Elizabeth Fowler, Workplace Editor Who Championed Women, Dies at 95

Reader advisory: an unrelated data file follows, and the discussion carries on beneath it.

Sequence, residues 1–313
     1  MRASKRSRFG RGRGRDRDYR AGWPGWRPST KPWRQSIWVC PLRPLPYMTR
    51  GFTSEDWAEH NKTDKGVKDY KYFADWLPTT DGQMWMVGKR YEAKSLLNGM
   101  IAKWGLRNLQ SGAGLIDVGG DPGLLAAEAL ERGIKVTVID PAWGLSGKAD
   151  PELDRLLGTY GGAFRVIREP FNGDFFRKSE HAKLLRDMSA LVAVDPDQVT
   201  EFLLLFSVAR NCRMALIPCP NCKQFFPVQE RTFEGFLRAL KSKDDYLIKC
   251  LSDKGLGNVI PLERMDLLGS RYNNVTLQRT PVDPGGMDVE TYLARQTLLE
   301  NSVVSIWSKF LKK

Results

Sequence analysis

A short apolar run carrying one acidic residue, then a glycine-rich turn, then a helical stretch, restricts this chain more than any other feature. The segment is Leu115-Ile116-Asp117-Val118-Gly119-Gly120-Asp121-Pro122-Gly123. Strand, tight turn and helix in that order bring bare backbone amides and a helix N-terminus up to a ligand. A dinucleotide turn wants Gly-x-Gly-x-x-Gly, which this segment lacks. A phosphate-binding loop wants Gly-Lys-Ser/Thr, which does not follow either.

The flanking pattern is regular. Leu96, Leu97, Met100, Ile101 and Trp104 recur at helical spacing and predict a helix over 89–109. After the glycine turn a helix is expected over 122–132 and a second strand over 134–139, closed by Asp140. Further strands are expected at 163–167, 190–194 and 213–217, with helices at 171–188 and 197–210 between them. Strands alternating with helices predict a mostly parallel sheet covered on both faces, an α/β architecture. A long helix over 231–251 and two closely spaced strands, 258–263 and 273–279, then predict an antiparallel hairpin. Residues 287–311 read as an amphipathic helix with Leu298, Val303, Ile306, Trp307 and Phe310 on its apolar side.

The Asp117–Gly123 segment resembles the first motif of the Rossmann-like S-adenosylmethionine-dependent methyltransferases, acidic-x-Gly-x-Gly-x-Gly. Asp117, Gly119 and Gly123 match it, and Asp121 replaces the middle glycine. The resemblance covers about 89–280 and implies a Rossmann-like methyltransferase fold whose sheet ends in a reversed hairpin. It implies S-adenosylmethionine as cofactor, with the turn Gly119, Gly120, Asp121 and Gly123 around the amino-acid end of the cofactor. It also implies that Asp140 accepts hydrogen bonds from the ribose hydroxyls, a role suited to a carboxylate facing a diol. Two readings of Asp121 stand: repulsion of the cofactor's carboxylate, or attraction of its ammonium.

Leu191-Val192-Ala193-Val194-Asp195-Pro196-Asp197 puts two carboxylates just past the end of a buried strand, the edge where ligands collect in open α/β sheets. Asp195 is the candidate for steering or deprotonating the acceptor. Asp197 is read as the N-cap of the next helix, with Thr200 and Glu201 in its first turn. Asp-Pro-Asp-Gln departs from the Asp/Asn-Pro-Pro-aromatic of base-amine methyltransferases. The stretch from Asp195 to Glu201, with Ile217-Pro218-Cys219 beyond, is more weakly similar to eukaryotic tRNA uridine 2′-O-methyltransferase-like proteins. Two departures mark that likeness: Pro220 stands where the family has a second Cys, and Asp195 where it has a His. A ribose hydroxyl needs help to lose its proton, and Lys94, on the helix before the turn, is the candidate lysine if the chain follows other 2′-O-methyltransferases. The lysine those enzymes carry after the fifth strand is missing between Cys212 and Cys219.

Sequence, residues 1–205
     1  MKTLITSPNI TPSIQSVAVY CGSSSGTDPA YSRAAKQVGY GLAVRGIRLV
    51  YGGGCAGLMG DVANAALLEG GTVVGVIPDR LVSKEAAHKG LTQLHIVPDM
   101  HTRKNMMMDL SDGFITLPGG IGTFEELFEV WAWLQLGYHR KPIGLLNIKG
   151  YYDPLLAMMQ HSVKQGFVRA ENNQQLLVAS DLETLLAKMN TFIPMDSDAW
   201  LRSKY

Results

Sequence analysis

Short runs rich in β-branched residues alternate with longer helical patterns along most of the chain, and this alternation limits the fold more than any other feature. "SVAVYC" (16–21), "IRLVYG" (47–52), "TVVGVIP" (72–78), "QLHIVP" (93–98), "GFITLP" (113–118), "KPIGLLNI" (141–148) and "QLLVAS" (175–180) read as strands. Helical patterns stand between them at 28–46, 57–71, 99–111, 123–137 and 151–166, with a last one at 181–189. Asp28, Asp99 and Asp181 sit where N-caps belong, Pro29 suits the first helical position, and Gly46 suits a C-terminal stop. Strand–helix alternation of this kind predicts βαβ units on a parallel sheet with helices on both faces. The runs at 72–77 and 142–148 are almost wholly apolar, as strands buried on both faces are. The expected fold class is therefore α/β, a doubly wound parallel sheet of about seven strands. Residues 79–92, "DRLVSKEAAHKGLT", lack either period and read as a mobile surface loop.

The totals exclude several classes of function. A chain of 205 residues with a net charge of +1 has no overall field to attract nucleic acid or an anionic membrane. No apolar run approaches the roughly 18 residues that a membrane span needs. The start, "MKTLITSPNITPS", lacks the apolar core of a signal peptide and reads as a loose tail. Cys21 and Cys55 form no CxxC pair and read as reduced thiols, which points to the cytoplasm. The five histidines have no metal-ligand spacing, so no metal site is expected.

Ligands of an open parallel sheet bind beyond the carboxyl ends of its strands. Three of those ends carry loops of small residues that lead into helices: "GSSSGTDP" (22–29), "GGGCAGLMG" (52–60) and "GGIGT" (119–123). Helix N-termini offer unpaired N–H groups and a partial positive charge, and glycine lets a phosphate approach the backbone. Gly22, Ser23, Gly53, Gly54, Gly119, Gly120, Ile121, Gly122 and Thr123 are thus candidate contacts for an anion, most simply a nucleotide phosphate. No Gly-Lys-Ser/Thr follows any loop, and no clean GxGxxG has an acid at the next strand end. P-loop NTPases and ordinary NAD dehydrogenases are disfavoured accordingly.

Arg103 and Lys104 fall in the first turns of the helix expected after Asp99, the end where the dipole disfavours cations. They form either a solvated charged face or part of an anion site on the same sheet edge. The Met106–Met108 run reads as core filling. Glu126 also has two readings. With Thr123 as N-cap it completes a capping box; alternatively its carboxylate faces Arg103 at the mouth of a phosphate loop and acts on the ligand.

September 3, 2014 – Elizabeth M. Fowler, an author and financial reporter for The New York Times and one of the first women to cover the Wall Street beat for a daily newspaper, died on August 11 at her home in Chatham, NJ. She was 95. Ms. Fowler was a copy editor with The Wall Street Journal when she joined the Times’ all-male staff in 1956. Over the next 36 years she carved out a unique niche and developed a trademark style that would help to demystify the clubby world of money. But it was her writing on women in the workplace that set Ms. Fowler apart; she provided a well-needed “shot in the arm” for females seeking more substantial careers. She profiled women in back-office jobs at financial institutions, including secretaries, typists and switchboard operators. Ms. Fowler also explained how the income tax system penalized working wives and spotlighted the rare cases in the postwar years when women had risen to executive positions. “Although Scott Scanlon, myself and others at HSZ Media have been quoted many times in the mainstream media over 25 years, our very first entry was in Ms. Fowler’s “Careers” column in January 1990,” said Christopher W. Hunt, HSZ Media’s president. “We were always grateful to Elizabeth for taking a chance on two young men who had just launched the industry’s new newsletter, Executive Search Review, in October 1989. She opened a big door for us and continued to advise us during the early years of our company.”

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